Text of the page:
December 2013
Volume 54, Issue 13
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Retina  |   December 2013
Retinal Vascular Parameter Variations in Patients With Human Immunodeficiency Virus
Author Affiliations & Notes
  • Petrina B. Tan
    Ophthalmology, National Healthcare Group Eye Institute, Tan Tock Seng Hospital, Singapore
  • Owen K. Hee
    Ophthalmology, National Healthcare Group Eye Institute, Tan Tock Seng Hospital, Singapore
  • Carol Cheung
    Singapore Eye Research Institute, Singapore National Eye Centre, Singapore
  • Tun Kuan Yeo
    Ophthalmology, National Healthcare Group Eye Institute, Tan Tock Seng Hospital, Singapore
  • Rupesh Agrawal
    Ophthalmology, National Healthcare Group Eye Institute, Tan Tock Seng Hospital, Singapore
  • James Ng
    Ophthalmology, National Healthcare Group Eye Institute, Tan Tock Seng Hospital, Singapore
  • Tock Han Lim
    Ophthalmology, National Healthcare Group Eye Institute, Tan Tock Seng Hospital, Singapore
  • Tien Yin Wong
    Singapore Eye Research Institute, Singapore National Eye Centre, Singapore
    Ophthalmology, Yong Loo Lin School of Medicine, National University of Singapore, Singapore
  • Stephen C. Teoh
    Ophthalmology, National Healthcare Group Eye Institute, Tan Tock Seng Hospital, Singapore
  • Correspondence: Stephen C. Teoh, Department of Ophthalmology, 11 Jalan Tan Tock Seng, Singapore 308433; Stephen_teoh@ttsh.com.sg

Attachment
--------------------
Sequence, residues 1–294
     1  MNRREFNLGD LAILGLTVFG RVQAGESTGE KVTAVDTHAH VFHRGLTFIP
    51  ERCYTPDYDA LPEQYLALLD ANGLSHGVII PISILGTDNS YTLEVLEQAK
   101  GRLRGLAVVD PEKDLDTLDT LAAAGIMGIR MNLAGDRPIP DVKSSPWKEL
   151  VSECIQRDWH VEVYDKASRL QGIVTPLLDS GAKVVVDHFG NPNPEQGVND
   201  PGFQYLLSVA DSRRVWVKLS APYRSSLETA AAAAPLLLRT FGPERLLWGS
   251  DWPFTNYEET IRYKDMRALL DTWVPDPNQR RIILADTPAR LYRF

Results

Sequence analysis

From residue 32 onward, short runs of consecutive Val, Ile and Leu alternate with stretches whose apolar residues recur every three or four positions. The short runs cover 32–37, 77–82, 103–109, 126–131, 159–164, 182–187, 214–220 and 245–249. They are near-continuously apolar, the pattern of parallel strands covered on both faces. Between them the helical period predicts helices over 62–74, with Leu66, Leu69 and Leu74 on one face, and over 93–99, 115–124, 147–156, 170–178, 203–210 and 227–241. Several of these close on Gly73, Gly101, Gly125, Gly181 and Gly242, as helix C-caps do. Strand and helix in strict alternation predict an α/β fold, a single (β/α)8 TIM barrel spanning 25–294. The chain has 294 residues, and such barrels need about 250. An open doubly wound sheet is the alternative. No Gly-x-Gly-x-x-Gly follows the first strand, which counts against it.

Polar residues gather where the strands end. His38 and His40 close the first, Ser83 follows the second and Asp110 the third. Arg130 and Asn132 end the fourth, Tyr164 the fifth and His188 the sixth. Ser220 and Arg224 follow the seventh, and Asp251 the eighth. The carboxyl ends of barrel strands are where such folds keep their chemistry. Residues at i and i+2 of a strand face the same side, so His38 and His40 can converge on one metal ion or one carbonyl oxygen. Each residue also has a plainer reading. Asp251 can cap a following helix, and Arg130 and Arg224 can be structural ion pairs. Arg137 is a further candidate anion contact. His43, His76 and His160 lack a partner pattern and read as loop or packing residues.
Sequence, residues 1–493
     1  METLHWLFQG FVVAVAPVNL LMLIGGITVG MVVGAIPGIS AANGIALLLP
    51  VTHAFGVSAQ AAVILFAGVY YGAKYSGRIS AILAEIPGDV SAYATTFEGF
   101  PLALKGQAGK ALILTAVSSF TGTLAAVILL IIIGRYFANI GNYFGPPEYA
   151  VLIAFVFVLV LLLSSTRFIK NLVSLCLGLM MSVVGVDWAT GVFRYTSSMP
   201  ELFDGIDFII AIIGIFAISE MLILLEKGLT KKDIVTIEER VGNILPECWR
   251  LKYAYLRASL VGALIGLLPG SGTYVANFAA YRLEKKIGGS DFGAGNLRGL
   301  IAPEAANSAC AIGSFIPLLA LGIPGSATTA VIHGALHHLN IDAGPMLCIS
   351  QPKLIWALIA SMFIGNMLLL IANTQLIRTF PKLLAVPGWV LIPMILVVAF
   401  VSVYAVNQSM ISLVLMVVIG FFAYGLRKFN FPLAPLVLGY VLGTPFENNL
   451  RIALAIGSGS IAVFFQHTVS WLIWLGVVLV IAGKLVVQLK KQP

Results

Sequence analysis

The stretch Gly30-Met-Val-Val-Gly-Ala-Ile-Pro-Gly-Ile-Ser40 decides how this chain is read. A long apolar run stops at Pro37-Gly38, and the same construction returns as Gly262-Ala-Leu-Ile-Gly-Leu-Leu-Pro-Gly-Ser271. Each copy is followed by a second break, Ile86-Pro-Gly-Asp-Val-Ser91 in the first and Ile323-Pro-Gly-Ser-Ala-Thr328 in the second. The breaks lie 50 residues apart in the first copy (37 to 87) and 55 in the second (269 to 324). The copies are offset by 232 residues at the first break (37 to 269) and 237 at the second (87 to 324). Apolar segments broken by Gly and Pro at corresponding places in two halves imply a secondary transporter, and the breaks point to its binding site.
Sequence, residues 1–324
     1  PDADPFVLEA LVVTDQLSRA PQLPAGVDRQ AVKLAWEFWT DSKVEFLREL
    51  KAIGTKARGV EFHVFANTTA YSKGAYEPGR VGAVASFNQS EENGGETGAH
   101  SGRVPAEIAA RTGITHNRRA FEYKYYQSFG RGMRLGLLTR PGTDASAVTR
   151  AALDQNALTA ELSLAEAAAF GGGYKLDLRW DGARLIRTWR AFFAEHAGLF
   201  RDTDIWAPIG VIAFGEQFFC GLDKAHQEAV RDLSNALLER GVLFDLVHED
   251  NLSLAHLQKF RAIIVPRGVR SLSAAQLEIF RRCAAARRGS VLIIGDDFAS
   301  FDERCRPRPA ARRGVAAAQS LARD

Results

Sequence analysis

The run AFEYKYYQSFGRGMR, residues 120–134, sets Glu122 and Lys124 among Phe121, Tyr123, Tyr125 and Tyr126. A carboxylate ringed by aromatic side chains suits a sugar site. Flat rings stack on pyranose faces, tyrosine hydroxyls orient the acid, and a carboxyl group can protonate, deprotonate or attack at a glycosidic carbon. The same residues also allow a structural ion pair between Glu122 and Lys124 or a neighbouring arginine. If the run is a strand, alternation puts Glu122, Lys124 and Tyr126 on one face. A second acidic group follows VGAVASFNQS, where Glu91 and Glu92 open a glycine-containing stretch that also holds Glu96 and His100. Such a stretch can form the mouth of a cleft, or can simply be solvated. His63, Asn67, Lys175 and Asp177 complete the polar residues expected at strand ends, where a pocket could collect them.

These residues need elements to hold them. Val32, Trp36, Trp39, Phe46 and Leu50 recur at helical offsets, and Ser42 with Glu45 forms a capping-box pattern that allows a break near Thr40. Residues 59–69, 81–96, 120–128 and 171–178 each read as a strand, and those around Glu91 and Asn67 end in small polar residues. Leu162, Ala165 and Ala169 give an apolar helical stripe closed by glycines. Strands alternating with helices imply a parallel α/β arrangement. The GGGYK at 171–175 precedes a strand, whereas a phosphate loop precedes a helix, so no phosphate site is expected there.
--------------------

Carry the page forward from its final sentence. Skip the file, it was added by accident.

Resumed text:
Investigative Ophthalmology & Visual Science December 2013, Vol.54, 7962-7967. doi:10.1167/iovs.13-13081
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      Petrina B. Tan, Owen K. Hee, Carol Cheung, Tun Kuan Yeo, Rupesh Agrawal, James Ng, Tock Han Lim, Tien Yin Wong, Stephen C. Teoh; Retinal Vascular Parameter Variations in Patients With Human Immunodeficiency Virus. Invest. Ophthalmol. Vis. Sci. 2013;54(13):7962-7967. doi: 10.1167/iovs.13-13081.

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      © ARVO (1962-2015); The Authors (2016-present)

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Abstract

Purpose.: To compare the retinal vascular parameters in patients with human immunodeficiency virus (HIV) infection with normal controls, and to determine the relationship between retinal vascular parameters and HIV-related blood biomarkers (CD4+ T-lymphocytes count, presence of HIV RNA).

Methods.: Case-control study of eighty-five patients with HIV on follow-up at the Communicable Disease Center, Singapore, and 251 age-, sex-, and race-matched normal healthy controls (case: control matching ≈ 1:3) selected from the Singapore Epidemiology of Eye Disease program were included in this study. Standardized retinal photographs were taken from patients and controls. Trained technicians measured quantitative retinal vascular parameters (retinal vascular caliber, branching angle, tortuosity, and fractal dimension) with a semiautomated computer-based program following a standardized protocol.

Results.: HIV-patients had more tortuous arterioles (0.77 × [104] vs. 0.59 × [104], P < 0.001) and venules (0.90 × [104] vs. 0.74 × [104], P < 0.001), compared with healthy normal subjects. Amongst the HIV-patients, increasing HIV viral loads were associated with decreased retinal arteriolar caliber (P trend = 0.009) and decreased arteriolar-venular ratio (P trend = 0.025).

Conclusions.: Our study showed that patients with HIV have significant variations in retinal vasculature. Retinal vascular imaging may offer further insight into the pathophysiology behind HIV-related vascular disease in future.

Introduction
Human immunodeficiency virus (HIV) is a significant global health problem. The 2010 Joint United Nations Programme on HIV/AIDS report estimated 34 million people are living with HIV, 1 although global healthcare reforms and improvements in healthcare programs have resulted in decreased new incidences and HIV-related deaths.